Like music and movies before them books are going digital and each new development is a source of excitement and concern for avid tech-savvy readers. Book fans should indeed be excited because digital books could revolutionize reading making more books more findable and more accessible to more people in a diversity of ways.
But readers should also be concerned because recent events demonstrate that the forces making digital books and digital readers a reality routinely fail to respect the kinds of rights and expectations that have been built and defended over generations of experience with physical books. The first round of mainstream digital book services products and applications -- Google Book Search the Amazon Kindle the Barnes and Noble Nook -- all offer a much riskier way to own and read books compared to our experiences with traditional books.
It will take an informed readership and entrepreneurial leadership in the field to make sure that digital books preserve the rich heritage of intellectual freedom free speech and privacy that we have with physical books today.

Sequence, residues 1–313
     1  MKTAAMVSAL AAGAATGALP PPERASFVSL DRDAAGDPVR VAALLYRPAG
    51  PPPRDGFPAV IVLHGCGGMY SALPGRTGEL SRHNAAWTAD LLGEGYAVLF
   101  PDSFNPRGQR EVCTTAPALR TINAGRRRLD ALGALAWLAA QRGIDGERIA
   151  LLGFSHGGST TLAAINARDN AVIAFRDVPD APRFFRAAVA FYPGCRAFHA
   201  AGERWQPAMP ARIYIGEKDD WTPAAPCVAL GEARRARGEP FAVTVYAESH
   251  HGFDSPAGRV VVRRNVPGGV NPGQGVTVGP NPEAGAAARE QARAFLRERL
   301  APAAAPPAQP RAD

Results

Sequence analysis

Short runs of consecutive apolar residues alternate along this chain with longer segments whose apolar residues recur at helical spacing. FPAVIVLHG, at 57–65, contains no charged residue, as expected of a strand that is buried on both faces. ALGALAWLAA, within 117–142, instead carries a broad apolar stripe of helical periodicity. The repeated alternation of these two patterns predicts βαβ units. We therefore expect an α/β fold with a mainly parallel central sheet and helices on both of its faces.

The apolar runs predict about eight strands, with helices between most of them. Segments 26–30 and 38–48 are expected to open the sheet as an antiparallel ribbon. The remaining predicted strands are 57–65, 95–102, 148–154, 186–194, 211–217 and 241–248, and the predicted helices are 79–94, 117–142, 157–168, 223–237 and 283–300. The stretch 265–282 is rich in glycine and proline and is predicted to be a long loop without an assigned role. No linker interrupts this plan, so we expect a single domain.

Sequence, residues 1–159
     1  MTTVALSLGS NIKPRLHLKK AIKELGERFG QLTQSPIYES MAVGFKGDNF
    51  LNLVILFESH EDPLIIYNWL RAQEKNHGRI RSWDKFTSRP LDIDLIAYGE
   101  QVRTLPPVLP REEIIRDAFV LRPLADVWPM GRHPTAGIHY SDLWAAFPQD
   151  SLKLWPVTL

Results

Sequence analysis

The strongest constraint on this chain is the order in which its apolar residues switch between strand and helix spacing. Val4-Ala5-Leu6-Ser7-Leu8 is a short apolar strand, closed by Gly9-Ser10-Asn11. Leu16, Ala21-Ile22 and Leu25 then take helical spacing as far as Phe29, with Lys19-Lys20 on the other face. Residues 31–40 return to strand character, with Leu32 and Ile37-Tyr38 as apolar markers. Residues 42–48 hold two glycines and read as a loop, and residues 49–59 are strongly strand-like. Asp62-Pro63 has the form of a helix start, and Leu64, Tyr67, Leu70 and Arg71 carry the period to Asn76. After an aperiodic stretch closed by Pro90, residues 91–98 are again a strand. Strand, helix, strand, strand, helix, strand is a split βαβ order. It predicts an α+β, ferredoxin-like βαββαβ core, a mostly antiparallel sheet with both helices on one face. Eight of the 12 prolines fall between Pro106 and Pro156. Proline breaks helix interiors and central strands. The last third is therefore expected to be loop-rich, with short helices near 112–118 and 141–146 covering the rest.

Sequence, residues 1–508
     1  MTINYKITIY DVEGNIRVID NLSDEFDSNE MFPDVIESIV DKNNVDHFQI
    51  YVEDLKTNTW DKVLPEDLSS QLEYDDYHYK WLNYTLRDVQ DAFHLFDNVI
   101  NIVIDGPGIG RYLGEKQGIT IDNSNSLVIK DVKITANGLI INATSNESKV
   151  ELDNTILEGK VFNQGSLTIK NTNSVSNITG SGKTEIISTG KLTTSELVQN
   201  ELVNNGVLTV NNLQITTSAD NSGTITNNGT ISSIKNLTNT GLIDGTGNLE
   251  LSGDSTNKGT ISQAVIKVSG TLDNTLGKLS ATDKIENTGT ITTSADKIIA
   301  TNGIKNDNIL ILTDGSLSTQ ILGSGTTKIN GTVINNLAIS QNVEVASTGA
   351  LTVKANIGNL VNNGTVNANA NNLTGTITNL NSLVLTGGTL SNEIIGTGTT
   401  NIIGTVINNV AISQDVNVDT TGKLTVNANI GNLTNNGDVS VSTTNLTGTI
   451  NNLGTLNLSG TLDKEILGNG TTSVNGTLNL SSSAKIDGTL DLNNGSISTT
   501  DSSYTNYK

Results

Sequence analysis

EFF Related Content: Digital Books
- “So you might see students who share their textbooks might be on the hook for patent infringement and copyright infringement?” said Julie Samuels, a staff attorney at the Electronic Frontier Foundation. “That’s not good news.” Not surprisingly, legal scholars are highly skeptical that this patent violates the spirit, if not...
- The EFF says that, in addition to Smashwords, PayPal has issued similar warnings to publishers and booksellers including BookStrand.com. In a letter the EFF intended to send late Wednesday, the group said that PayPal "is holding free speech hostage...
- EFF and other groups including the Authors Guild, the American Booksellers Foundation for Free Expression and the Association of American Publishers are planning to send a letter to PayPal on Wednesday asking the company to reverse its policy.
- Digital books and book services can paint an even more detailed picture—including books browsed but not read, particular pages viewed, how long spent on each page, and any electronic notes made by the reader," the EFF said in a statement.